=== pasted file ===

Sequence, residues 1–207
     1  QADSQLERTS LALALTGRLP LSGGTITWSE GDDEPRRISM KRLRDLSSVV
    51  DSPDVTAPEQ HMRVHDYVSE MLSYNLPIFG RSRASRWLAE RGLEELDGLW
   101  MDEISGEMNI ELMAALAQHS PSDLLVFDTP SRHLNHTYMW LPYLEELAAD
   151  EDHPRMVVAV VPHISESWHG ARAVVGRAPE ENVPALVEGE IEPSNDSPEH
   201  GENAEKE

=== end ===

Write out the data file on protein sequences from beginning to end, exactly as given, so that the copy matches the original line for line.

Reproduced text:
Sequence, residues 1–207
     1  QADSQLERTS LALALTGRLP LSGGTITWSE GDDEPRRISM KRLRDLSSVV
    51  DSPDVTAPEQ HMRVHDYVSE MLSYNLPIFG RSRASRWLAE RGLEELDGLW
   101  MDEISGEMNI ELMAALAQHS PSDLLVFDTP SRHLNHTYMW LPYLEELAAD
   151  EDHPRMVVAV VPHISESWHG ARAVVGRAPE ENVPALVEGE IEPSNDSPEH
   201  GENAEKE